... It is well-established that the nutritional requirements of athletes are potentially affected by physical and physiological differences between males and females [2,3]. These sex-based differences seem to be more predominant in ultra-endurance athletes who are recommended to pay superior attention to their specific nutritional needs due to the prolonged training/racing activities [4,5]. ...
Article
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Sex has been recognized to be an important indicator of physiological, psychological, and nutritional characteristics among endurance athletes. However, there are limited data addressing sex-based differences in dietary behaviors of distance runners. The aim of the present study is to explore the sex-specific differences in dietary intake of female and male distance runners competing at >10-km distances. From the initial number of 317 participants, 211 endurance runners (121 females and 90 males) were selected as the final sample after a multi-level data clearance. Participants were classified to race distance (10-km, half-marathon, marathon/ultra-marathon) and type of diet (omnivorous, vegetarian, vegan) subgroups. An online survey was conducted to collect data on sociodemographic information and dietary intake (using a comprehensive food frequency questionnaire with 53 food groups categorized in 14 basic and three umbrella food clusters). Compared to male runners, female runners had a significantly greater intake in four food clusters, including “beans and seeds”, “fruit and vegetables”, “dairy alternatives”, and “water”. Males reported higher intakes of seven food clusters, including “meat”, “fish”, “eggs”, “oils”, “grains”, “alcohol”, and “processed foods”. Generally, it can be suggested that female runners have a tendency to consume healthier foods than males. The predominance of females with healthy dietary behavior can be potentially linked to the well-known differences between females and males in health attitudes and lifestyle patterns.
... Analysis of the diaries were performed by two experienced dietitians via the Food Processor Program (version 7.4,ESHA Research Salem,Oregon), with the inclusion of national-traditional foods. Macro-nutrient intakes were controlled according to the guidelines-recommendations for endurance/marathon athletes (Burke et al. 2019). The intraclass correlation coefficient (ICC) ranged from 0.850 to 0.901 (95% CI: ...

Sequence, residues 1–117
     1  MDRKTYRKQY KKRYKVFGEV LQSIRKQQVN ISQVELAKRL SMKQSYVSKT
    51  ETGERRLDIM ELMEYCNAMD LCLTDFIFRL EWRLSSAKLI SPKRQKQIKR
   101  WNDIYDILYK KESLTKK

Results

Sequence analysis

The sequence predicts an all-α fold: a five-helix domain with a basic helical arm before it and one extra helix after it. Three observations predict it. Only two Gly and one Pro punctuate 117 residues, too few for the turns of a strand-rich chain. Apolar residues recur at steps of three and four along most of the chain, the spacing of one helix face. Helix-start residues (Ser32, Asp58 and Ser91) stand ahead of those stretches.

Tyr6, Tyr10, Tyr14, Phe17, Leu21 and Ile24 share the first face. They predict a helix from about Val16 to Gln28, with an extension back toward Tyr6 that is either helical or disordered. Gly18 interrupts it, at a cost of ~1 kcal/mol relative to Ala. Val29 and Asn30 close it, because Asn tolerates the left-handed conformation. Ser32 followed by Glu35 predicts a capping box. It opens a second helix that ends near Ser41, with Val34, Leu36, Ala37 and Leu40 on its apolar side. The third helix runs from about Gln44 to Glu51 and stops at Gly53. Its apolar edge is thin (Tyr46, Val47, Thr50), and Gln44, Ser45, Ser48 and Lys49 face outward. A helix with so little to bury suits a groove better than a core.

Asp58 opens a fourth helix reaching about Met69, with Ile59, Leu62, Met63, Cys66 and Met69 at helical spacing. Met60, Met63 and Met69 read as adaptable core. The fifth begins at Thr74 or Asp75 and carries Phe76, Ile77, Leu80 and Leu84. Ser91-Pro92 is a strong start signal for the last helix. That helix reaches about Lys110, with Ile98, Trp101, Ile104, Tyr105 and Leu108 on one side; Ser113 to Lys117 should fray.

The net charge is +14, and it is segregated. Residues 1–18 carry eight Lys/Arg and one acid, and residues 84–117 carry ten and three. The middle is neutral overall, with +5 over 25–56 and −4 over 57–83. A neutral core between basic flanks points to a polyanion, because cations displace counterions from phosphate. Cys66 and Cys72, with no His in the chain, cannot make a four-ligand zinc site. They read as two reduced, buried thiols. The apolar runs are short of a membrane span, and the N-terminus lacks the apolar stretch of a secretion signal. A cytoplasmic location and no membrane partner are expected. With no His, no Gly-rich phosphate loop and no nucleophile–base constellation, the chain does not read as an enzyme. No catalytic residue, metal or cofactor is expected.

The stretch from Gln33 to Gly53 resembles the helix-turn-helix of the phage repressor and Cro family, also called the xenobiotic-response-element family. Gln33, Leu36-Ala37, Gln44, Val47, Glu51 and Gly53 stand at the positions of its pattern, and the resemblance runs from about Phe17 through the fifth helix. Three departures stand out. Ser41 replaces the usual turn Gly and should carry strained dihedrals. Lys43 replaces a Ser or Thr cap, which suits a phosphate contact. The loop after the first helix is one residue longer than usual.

Article
Background/objective: Aetiology and significance of exercise-induced troponin release remains a contentious issue. We investigated the effect of a 28 km mountain run on cardiac troponin I (cTnI), in relation to training, performance, nutritional, biochemical and echocardiography variables, in a group of 25 recreational male master athletes. Material and methods: A comprehensive list of variables related with nutrition, training, performance and echocardiography, was collected pre- and post-race. Twenty-four months later, outcomes regarding cardiovascular events were obtained. Results: Serum cTnI values were increased after the race, with mean values rising from 7.2 ± 2.2 (before) to 80.0 ± 33.2 ng/L (post race), (p < 0.001) and 23/25(92%) exceeding Upper Reference limit (50 ng/L). Echocardiography did not reveal significant alterations, or correlations with cTnI values. The percentage difference in hs-cTnI concentrations pre- and post-race correlated positively with age, race-induced changes of selected muscle damage indices, resistance training volume and negatively with endurance capacity and training volume (r: -0.727 to 0.725, p < 0.05). All athletes reported no cardiovascular event during the 24-month period post-race. Conclusion: cTnI elevation induced by a 28 km mountain running race was not correlated with echocardiographic, nutritional parameters and was less pronounced in athletes with larger endurance training history, in contrast with resistance training and age.